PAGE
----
Of course, there’s nothing wrong with celebrating Spring Festival. Some Han nietzens have said “If some Tibetans want to celebrate Han festivals or if some Han want to celebrate Tibetan Losar, they are free to do so. No one has any right or any reason to criticize them just because they are the same nationality as themselves”. Such opinions as this sound rather reasonable, and I also agree with it. But the problem is, the reason why so many Tibetans are conflicted about this year’s Spring Festival and Losar is less to do with both new year celebrations belonging to different cultural systems, and more to do with the levels of toleration in ones conscience and a religious sentiment full of compassion.
No matter whether it is Spring Festival or Losar, people who experienced what happened in Tibetan areas in 2008 do not want to celebrate as they had in previous years. As with last year’s earthquake in Sichuan, when thousands and thousands of ordinary people died, their surviving families do not want to forget them in the new year even as their corpses are not yet cold. A volunteer who spent the new year in the disaster area said: “No one can stipulate that the atmosphere at Spring Festival has to be lively; it must be peaceful. True emotions, whether joyous or sad, all come from the bottom of one’s heart.” By the same reason, with events in Tibet that started last new year and still haven’t stopped, there are countless ordinary Tibetans who died under the barrels of the PAP’s guns, and countless ordinary Tibetans who are still behind bars, so how can their friends and families be in a happy mood to celebrate the New Year when their grief is still there?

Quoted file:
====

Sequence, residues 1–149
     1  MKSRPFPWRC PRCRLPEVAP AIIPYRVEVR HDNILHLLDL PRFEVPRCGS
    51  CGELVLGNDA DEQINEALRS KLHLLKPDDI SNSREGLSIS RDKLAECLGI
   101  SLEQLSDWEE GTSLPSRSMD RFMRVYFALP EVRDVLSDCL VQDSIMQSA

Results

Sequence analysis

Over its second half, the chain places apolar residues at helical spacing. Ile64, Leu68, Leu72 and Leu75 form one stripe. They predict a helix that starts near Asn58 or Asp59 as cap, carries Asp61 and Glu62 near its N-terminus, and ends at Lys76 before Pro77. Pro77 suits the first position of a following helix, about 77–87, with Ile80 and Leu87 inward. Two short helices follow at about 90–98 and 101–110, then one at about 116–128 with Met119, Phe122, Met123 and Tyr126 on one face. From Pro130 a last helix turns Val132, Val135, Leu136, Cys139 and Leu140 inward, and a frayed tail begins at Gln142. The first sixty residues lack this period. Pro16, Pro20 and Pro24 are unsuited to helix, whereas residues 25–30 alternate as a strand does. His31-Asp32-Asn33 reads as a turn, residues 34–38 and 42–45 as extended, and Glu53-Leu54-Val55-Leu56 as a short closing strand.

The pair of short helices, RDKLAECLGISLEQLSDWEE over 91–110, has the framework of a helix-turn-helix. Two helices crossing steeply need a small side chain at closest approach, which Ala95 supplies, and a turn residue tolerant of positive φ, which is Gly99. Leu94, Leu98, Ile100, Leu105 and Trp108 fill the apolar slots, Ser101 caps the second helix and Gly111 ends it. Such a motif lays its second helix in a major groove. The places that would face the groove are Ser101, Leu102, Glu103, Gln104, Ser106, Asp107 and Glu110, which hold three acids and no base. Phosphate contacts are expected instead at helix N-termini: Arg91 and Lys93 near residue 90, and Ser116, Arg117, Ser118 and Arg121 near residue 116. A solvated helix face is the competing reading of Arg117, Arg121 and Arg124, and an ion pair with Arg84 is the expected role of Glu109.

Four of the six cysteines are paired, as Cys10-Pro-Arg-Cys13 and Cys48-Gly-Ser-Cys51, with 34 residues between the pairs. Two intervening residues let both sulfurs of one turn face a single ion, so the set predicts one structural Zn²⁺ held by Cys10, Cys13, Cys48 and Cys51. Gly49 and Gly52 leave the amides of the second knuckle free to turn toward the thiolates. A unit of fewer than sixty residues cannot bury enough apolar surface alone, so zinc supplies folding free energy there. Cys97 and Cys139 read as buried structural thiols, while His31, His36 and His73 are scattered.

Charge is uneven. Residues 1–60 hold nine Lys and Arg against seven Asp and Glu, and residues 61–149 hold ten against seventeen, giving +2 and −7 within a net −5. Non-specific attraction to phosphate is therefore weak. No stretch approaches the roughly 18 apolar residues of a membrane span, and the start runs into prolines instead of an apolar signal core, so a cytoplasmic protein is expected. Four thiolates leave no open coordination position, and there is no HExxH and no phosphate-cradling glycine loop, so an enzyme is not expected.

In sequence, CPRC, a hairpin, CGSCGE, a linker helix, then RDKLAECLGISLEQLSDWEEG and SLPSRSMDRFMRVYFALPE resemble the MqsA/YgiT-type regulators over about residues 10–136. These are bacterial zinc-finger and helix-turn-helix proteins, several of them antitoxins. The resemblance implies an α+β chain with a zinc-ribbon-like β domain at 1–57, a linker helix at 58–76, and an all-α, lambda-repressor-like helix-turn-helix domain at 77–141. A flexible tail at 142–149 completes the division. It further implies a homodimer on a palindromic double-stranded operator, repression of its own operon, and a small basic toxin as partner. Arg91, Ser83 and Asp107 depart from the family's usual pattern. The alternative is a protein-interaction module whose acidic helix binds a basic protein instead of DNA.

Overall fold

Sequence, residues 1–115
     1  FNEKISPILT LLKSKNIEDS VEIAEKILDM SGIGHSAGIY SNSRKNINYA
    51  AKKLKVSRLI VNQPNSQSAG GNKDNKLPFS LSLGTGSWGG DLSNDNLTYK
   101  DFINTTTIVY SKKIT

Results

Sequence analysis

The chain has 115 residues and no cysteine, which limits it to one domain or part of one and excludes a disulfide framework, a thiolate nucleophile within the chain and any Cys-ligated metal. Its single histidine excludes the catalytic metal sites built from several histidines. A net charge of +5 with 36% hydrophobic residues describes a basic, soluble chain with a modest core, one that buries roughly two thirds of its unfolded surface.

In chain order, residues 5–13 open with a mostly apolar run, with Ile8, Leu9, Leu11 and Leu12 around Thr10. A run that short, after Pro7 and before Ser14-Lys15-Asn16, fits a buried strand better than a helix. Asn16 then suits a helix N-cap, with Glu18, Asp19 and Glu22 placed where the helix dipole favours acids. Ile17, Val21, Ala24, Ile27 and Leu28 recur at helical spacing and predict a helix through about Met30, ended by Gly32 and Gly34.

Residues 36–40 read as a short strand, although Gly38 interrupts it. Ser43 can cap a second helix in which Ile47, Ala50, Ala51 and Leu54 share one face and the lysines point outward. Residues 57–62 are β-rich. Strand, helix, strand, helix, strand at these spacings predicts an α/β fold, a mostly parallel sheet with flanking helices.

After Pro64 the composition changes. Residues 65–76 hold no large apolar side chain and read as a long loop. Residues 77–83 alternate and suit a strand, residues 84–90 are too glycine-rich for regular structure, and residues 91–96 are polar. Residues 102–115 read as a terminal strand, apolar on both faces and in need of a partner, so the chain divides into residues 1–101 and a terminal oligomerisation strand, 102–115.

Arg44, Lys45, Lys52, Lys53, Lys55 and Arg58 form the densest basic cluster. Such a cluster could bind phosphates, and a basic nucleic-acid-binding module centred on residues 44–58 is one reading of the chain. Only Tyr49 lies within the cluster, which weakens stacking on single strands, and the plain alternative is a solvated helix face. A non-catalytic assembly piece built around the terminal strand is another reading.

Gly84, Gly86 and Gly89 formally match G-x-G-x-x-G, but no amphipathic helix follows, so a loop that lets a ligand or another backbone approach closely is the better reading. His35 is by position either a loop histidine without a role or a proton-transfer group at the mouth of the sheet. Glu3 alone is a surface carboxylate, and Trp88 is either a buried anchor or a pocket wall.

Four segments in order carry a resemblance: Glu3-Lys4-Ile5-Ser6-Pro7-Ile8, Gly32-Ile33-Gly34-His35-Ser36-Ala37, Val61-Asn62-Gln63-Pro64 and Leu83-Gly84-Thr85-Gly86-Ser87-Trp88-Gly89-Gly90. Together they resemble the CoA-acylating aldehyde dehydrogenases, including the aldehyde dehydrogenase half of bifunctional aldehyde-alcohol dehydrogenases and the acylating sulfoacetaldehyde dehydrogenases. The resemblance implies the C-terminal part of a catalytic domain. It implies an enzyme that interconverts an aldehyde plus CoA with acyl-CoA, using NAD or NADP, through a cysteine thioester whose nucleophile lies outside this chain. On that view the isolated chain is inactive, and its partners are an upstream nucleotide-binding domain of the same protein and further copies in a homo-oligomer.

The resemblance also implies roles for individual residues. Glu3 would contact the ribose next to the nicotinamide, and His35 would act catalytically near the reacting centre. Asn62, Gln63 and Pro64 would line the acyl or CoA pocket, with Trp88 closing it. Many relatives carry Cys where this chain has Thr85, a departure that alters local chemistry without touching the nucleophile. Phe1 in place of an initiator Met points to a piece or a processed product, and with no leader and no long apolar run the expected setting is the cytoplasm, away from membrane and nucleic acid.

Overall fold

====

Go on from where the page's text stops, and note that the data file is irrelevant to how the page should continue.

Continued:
The absurdity is that the authorities do not see this. They hope that the people will forget the hardships they created, thus, they have resorted to all manner of tricks that leave you not knowing whether to laugh or cry. For example, in Rebkong, the local government has gone house to house with documents requiring Tibetans to sign their name or leave their thumbprint on the documents which say: “I will ensure that there will be absolutely no demonstrations this year as there were last year, I will ensure I am obedient to the Party and government, and I will ensure that I will celebrate the new year.” In the Tibetan areas of Labrang and Ngaba, the local government has given firecrackers to government workers and cadres, telling them to set the firecrackers off at new year. And in Lhasa, Tibetans who put the word out not to mark the new year are even being detained. Some Tibetan commenters have left such sarcastic remarks about this on my blog as: “The great Party is really close [to the people], it pays close attention to [whether people are] happy or not happy, and [whether they are] celebrating or not celebrating the new year”, “when it wants you to be happy, you’re not happy. And that’s a problem with your thinking, and it can even be contrived into making you a member of some ‘clique’ or other”.
As citizens, Tibetans do not even have the most basic right to mark −or not− the new year. Tibetans with their indomitable spirit who persist on their right not to mark the new year are becoming a completely new kind of contention, the significance of which is a great “civil disobedience” spreading throughout all of Tibet.
January 29th 2009, Beijing
This post is also available in: English